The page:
Over the past few months, this country has witnessed a powerful movement of young organizers. Many were impelled by the murder of George Floyd and impelled to take their fight for racial justice to the streets. Others have been working on these types of issues for years through Youth Organizing (YO) programs that engage young people in developing campaigns, taking action, engaging in politics, and advocating for change. Such groups continuously build a robust and vibrant base of young people who work on local community issues as well as tackling larger social and political structures that perpetuate inequity. And when injustice occurs, they are often the first responders.

Young people have long been impressive catalysts for change. They led during the civil rights movement, Vietnam War protests, the Arab Spring, and have taken numerous other actions for social justice. Young organizers have always pushed society’s boundaries, helping us all stretch and grow–promoting social, culture, and political development. But what is the impact on young people themselves? If you have spent any time with a young organizer, it is hard to ignore the profound changes and growth that they experience as they become critically conscious and evolve into influential leaders and agents of change.

Findings from Transforming Positive Youth Development: A Case for Youth Organizing, a new study conducted by Hello Insight and the Funders Collaborative on Youth Organizing, show that young people who are engaged in organizing grow both socially and emotionally. In particular, they develop a deep sense of contribution and a desire to give back to their communities and society. Indeed, this sensibility is cultivated significantly more within youth organizing groups than any other type of out-of-school time program. In addition, young organizers develop greater critical consciousness–the ability to analyze social conditions and act to create change.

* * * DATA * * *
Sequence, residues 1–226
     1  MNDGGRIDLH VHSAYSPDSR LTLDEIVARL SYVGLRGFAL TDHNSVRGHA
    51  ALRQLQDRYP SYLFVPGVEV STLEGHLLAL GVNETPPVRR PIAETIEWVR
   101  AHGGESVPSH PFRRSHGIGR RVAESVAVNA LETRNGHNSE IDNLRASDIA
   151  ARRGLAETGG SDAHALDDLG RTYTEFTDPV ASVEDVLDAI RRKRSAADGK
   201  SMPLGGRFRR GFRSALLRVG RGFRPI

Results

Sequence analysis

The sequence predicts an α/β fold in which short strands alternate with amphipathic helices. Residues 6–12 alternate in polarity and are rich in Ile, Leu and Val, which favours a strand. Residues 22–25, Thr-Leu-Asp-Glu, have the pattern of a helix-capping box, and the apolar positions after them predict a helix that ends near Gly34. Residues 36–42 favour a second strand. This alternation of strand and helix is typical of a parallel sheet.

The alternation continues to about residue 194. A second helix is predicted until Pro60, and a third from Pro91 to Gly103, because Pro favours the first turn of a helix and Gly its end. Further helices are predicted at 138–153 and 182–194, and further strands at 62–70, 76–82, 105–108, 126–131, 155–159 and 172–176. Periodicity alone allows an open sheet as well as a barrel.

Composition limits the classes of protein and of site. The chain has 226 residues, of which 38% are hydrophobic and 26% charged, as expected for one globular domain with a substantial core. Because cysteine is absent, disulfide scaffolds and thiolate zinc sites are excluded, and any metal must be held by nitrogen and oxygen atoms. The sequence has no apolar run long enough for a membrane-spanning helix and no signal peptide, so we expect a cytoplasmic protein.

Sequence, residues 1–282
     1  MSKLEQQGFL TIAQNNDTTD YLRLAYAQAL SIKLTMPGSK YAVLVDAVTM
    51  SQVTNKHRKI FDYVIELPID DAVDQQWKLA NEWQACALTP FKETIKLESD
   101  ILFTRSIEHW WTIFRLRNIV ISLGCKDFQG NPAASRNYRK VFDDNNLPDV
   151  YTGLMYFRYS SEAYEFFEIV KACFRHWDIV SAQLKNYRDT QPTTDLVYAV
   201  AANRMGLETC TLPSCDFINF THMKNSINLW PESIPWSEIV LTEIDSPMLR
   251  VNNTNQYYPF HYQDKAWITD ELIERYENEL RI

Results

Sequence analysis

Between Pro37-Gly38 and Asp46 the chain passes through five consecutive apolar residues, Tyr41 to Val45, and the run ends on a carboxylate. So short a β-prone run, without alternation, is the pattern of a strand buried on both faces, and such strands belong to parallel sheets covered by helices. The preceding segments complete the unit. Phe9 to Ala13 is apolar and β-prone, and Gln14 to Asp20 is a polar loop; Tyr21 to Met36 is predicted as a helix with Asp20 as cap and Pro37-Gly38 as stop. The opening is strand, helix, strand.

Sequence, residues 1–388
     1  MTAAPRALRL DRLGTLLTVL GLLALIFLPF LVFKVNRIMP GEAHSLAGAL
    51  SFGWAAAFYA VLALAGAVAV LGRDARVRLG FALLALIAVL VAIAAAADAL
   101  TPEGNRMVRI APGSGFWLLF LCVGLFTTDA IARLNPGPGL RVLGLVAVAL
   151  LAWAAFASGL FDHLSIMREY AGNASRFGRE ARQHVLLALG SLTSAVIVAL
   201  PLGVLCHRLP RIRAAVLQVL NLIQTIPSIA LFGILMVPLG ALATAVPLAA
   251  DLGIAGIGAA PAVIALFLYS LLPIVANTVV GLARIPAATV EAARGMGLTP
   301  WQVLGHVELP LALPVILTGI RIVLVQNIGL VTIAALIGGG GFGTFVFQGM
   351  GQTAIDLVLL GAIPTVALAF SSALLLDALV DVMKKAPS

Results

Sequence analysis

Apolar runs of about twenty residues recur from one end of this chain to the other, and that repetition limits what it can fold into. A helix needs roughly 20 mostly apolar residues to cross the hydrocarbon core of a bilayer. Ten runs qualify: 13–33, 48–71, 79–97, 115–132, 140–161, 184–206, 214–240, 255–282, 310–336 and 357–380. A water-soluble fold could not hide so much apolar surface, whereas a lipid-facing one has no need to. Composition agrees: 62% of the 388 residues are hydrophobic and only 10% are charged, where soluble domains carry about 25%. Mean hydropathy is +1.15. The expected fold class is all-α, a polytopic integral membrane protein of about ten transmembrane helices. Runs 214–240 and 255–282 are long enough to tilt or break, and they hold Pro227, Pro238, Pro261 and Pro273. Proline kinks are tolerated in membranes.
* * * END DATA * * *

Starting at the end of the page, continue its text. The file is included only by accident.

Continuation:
What is so unique about youth organizing programs, and why do they make such an impact on young people? This study shows that young organizers experience far more high-quality positive youth development (PYD) experiences than their peers in more traditional programs. It turns out that YO groups intuitively use a PYD approach. They also go a step further to assure that young people’s stories, identities, and experiences remain centered in their program activities. Specifically, our analysis shows that young organizers experience:

  • Strong relationships with adults who place their interests and experiences at the center of the work, paying specific attention to culture, race, gender, age, and class, as well as the broader community and political context
  • Adult allies that address power differentials and ageism directly, assuring that young people have opportunities to authentically amplify their voices
  • Opportunities to learn about and work alongside peers and adults from different backgrounds with a wide variety of perspectives
  • Working on real-world campaigns and actions that matter to them and make a difference in their lives

As we all move forward during this racial reckoning, it seems there is much to learn from youth organizing programs. Examples from this report shed light on how to have more courageous conversations that engage directly with young people about their experiences at this moment. We hope it encourages our members to work alongside young people to address the larger sociopolitical context that they live in, one that is fraught with injustice and inequity that affects their lives.

Read the Report